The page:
A few weeks ago, I delivered a shiur in my shul entitled, “Fitbit, Alexa and the Future of Electricity in Halacha.” We first discussed whether one may wear a FitBit on Shabbat, if automatic displays, alarms and alerts are all disabled. A FitBit is an activity tracker that measures steps taken and vital signs, among other things. Some Poskim, like Rav Yisrael Rosen, former director of the Tzomet Institute in Israel, thought that technically it should be permitted because you are simply wearing the FitBit and are not doing anything observable to cause any electrical circuits to close. However, he thought that as a matter of public policy, people should avoid using a FitBit absent a medical or security need. Other Poskim, like Rabbi Willig, are concerned that since you want the tracker to measure your steps and, as such, you want the electrical circuits in the FitBit to close, you may possibly violate a Rabbinic prohibition.
We also discussed whether one may use Alexa on Shabbat. Do you transgress a Shabbat prohibition if you tell Alexa to turn on a light for you on Shabbat? Most articles that discuss this issue cite the Gemara in Bava Metzia 90b, where Rabbi Yochanan rules that if someone “muzzles” his animal by yelling at it every time it stops to eat something, then he receives lashes as a violation of the Torah prohibition of muzzling one’s animal. This position equates speech with action. Perhaps it can be used as a precedent that whenever the Torah tells you not to perform a sinful action, if you achieve that action through speech then you will also in effect be committing a sin. Rabbi Zvi Sobolofsky suggested that perhaps one may also violate a Rabbinic prohibition of “daber davar,” of inappropriate speech. This prohibition is like the prohibition of telling a non-Jew to perform melacha (forbidden work) for him on Shabbat.
In the beginning of the shiur, someone asked me a simple and yet a very important question. What is the starting point of the Torah? Is something forbidden until it can be proven to be permitted or is something permitted until it can be proven to be forbidden? The topic of electricity in halacha is unique in that there are no direct precedents in the Gemara or the Rishonim about how to analyze it. What is our starting point? As technology continues to increase to the point where perhaps we can think something to make electric circuits close, is our starting point that “thought” to create a desired result on Shabbat should be permitted or should be forbidden?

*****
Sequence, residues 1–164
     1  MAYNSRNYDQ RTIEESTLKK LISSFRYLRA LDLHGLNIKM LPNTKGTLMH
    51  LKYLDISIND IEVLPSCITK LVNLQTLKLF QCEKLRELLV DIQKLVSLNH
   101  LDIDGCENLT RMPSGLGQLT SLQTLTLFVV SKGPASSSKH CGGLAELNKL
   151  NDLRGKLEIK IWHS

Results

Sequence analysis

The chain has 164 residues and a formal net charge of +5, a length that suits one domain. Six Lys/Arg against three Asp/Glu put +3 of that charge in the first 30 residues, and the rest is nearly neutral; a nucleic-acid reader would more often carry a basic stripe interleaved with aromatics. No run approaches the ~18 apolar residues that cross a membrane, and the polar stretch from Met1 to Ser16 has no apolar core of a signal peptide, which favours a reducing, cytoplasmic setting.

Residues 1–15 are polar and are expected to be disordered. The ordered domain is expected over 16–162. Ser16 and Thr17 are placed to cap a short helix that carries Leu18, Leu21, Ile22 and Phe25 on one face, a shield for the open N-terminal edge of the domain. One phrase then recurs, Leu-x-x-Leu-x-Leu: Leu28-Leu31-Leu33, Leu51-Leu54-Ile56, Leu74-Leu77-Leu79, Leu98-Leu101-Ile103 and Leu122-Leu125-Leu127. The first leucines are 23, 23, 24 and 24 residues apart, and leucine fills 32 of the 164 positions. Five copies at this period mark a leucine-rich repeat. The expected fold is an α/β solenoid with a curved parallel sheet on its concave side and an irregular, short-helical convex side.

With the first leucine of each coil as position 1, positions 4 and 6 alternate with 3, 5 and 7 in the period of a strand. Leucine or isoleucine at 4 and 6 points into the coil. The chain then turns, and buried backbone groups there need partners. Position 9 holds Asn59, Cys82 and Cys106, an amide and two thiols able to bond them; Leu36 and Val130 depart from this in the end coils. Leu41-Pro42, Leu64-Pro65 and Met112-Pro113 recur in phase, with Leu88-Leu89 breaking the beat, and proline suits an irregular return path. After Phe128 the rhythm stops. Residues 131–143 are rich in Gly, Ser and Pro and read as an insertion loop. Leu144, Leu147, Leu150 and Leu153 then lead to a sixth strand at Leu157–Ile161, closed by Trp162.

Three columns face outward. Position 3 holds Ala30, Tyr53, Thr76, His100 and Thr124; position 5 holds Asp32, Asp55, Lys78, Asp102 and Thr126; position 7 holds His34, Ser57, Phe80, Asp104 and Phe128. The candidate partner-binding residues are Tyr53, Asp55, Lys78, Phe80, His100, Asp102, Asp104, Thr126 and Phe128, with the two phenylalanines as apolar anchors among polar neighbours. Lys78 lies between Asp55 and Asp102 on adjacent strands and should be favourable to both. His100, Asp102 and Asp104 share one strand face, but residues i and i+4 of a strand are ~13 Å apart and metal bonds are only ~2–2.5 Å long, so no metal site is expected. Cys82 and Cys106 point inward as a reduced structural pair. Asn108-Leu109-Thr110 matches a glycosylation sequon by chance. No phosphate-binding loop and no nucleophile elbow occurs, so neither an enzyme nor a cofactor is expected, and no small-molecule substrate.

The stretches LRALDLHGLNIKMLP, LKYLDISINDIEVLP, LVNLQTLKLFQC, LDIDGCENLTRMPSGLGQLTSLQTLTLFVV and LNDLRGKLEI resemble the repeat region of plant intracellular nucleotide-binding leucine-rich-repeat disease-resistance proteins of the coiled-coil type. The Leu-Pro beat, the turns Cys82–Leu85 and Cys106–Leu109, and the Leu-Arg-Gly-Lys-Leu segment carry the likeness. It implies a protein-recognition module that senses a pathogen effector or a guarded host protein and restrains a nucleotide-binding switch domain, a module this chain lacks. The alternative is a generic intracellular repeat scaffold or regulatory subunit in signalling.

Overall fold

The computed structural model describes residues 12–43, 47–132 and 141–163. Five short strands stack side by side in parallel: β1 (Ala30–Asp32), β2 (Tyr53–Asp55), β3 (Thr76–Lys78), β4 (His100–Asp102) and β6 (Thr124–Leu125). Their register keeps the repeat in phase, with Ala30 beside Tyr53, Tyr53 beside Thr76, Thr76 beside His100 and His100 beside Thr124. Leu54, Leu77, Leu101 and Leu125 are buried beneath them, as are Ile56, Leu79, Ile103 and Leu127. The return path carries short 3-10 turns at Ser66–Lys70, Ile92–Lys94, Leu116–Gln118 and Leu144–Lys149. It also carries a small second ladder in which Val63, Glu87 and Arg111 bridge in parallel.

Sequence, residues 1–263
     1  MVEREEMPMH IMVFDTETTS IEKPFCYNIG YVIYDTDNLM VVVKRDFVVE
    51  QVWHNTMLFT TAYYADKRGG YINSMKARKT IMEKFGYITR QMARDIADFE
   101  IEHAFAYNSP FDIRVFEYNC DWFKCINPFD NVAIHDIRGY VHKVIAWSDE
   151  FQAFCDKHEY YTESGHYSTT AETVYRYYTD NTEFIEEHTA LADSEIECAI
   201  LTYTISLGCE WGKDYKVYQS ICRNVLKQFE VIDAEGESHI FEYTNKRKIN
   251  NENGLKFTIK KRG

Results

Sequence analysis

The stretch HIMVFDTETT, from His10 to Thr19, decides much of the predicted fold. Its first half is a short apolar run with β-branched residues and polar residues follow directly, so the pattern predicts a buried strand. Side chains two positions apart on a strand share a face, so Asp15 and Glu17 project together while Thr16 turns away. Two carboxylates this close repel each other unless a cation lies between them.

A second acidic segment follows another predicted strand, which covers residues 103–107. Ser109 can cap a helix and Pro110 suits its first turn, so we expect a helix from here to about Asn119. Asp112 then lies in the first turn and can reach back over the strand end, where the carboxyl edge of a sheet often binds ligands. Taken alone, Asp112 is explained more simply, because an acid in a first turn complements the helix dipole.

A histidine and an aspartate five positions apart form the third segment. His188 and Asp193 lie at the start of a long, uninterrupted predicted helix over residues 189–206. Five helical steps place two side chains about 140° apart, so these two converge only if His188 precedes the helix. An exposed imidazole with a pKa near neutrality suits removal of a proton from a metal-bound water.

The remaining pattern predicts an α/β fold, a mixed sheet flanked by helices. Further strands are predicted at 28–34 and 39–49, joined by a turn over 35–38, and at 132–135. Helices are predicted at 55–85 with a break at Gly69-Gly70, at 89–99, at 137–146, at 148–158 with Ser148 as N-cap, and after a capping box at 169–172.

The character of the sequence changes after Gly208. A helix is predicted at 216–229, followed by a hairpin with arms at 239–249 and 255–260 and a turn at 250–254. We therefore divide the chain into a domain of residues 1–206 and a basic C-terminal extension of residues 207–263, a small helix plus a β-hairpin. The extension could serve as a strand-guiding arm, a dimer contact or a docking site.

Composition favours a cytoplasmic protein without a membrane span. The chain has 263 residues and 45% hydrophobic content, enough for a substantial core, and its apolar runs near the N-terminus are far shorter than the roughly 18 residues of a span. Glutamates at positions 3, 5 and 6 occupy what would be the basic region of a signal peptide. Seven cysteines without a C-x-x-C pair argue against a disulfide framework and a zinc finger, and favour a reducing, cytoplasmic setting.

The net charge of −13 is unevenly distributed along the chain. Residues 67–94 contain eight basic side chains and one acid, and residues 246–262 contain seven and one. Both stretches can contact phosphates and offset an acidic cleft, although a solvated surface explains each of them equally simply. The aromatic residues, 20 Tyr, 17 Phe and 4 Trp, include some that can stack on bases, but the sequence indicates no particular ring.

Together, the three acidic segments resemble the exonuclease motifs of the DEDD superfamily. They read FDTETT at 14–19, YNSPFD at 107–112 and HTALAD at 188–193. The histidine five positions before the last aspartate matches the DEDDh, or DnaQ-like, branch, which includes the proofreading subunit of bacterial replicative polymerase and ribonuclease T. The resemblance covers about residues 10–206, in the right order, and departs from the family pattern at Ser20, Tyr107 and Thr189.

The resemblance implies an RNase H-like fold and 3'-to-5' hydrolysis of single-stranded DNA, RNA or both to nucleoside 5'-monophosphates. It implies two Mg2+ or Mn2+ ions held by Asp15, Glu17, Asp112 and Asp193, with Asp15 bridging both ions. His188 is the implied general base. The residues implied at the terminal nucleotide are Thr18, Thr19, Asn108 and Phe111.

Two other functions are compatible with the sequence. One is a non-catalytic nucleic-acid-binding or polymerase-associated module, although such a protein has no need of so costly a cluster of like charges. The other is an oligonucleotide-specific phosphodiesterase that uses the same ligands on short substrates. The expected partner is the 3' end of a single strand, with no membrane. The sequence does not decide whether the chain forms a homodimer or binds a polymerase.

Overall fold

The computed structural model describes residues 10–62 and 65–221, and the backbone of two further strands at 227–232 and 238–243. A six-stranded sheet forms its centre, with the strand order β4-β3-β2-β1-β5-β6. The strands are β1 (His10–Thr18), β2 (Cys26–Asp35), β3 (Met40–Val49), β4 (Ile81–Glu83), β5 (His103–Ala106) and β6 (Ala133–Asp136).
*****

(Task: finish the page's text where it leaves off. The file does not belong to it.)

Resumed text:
One can argue that the starting point is that if the activity doesn’t fit into one of the 39 categories of forbidden work on Shabbat then it should be permitted. One can also argue that the starting point is that if the result that is created is considered significant but the elements of the activity that created the result do not fit into one of the classic avot melachot (categories of forbidden work on Shabbat), then it is included in the final melacha of “Makeh B’Patish,” or “striking the final hammer blow,” a catchall category, if you will.
Rav Yaakov Ariel, Chief Rabbi of Ramat Gan, approached this question differently about electricity on Shabbat. He cited the Ramban who holds that there is a Torah obligation of “Shabbaton” on Shabbat, namely that these days should be days of rest and cessation of work and not days of labor and toil. He argued that as technology has developed, people don’t toil and work with their bodies, but they do so with their minds. With all the technology that we are afforded, we are pulled in so many directions, resulting in much psychological stress. Therefore, perhaps using an electric appliance once may involve a mere Rabbinic prohibition but using many electric appliances on Shabbat would involve a Torah prohibition because it would transform the nature of Shabbat from being a day of “Shabbaton” to a regular day. This is a “spirit of Shabbat” argument for not allowing electrical appliances couched in halachic terms, and the exact definition may be somewhat fluid.
Yet, this argument resonates most with me. I have read articles about non-observant Jews who have observed a “technology Shabbat,” when they turned off every screen in sight – phones, laptops, TVs and Apple watches – for 24 hours. Whether or not they are orthodox, they understood the need to unplug once a week. Mindfulness, paying precise nonjudgmental attention to the details of our experience as it arises, contributes to sound mental health and our psychological well-being. To practice mindfulness is to be fully aware of the moment and that gives us a sense of balance, a sense of control and peace of mind. For the Torah observant Jew, creating this environment of spiritual reflection with ourselves, our family and our friends devoid of any technology is what makes Shabbat holy. That is why I hope that the halachic direction relating to modern technology on Shabbat continues to be restrictive absent serious need (e.g., medical, security, etc.), so that we can continue to observe the Shabbat as a “Shabbaton” as envisioned by the Ramban.